As a UN Youth Champion for Environment and Peace, Evgenia engaged with a dynamic group of young Cypriots from across the island to discuss on how to protect the shared environment as well as help build peace. “All Youth Champions are activists, care about environmental issues and have strived through our projects and new initiatives to influence others to join us in helping to build sustainable peace across Cyprus.” While her background is in law, this initiative provided her with the opportunity to learn from experts and the United Nations about tackling key issues such as climate change and environmental degradation.

This experience helped her realize the importance of these issues for future generations and their impact on peace. Working with other Youth Champions, Evgenia designed and delivered awareness-raising campaigns on issues from environmental preservation in the buffer zone to food waste. She feels particularly proud of the “Avli” (which translates to “yard” in both Greek and Turkish) environmental peacebuilding initiative. Through this initiative, Evgenia and her colleagues became “advocates for innovative, community-based solutions to protect the environment across Cyprus, in ways that are the most accessible and relatable to young people from all communities, thereby also helping to build trust and working towards the goal of a united, peaceful island,” she adds. In addition to her role as a Youth Champion, Evgenia has co-founded the “GD4C — Green Deal 4 Cyprus” initiative, which aims to better align Cyprus with the European Green Deal ambitions.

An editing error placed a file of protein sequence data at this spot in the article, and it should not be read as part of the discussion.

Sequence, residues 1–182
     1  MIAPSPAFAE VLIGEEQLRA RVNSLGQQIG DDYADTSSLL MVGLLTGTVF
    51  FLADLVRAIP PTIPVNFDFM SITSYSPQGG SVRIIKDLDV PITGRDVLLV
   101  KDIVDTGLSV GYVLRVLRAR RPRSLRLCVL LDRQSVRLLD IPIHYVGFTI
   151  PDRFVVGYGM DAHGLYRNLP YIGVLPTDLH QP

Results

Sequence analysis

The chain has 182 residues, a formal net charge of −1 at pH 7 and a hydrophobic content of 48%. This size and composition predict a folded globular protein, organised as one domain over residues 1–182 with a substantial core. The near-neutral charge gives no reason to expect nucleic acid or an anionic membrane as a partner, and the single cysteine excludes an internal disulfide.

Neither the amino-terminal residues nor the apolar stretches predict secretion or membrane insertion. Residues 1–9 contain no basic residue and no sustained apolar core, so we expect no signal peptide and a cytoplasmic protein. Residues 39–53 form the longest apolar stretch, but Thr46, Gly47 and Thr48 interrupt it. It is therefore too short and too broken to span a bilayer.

This summer, Evgenia joined the “Eat, Live and Move More Sustainably” project with the support of the Embassy of Sweden in Cyprus. In the context of this project, she organized a “plogging” activity in her village. “Plogging is a concept developed in Sweden where individuals jog while picking up litter, merging the Swedish verbs plocka upp (pick up) and jogga (jog),” says Evgenia, adding that she was “positively surprised by the support of the village’s inhabitants as well as the willingness of our local representative to engage in more projects and make the village greener.”

In the near future, she will also be the Delegate of Cyprus to Pre-COP26 events to be hosted in Milan, Italy, ahead of the 2021 UN Climate Change Conference, where she will be advocating for stronger climate action ambitions ahead of the meetings with the ministers of UN Member States.

Youth participation in peace processes

To Evgenia, the meaningful engagement of youth in peace processes is imperative. “The absence of young voices from peace processes and decision-making makes it difficult to design policies that adequately respond to their needs, especially in conflict-affected contexts,” she underscores, adding that the inclusion of young people at all stages of peace processes, from identification, analysis and design to implementation, monitoring and evaluation, is of critical importance.

She deplores that, even though Cyprus has one of the largest rates of tertiary education in Europe, high youth unemployment rates persist, resulting in many young people leaving the island. Young people in Cyprus are often deprived of opportunities to reach their full potential. This appears to be their key challenge according to Evgenia, who sends a clear message of empowerment to all her fellow youth: “Whenever and wherever you do not see an opportunity, go, and create one yourself!”

Find out more about the UN Youth Champions for Environment and Peace and about UNFICYP’s work on climate and environment here.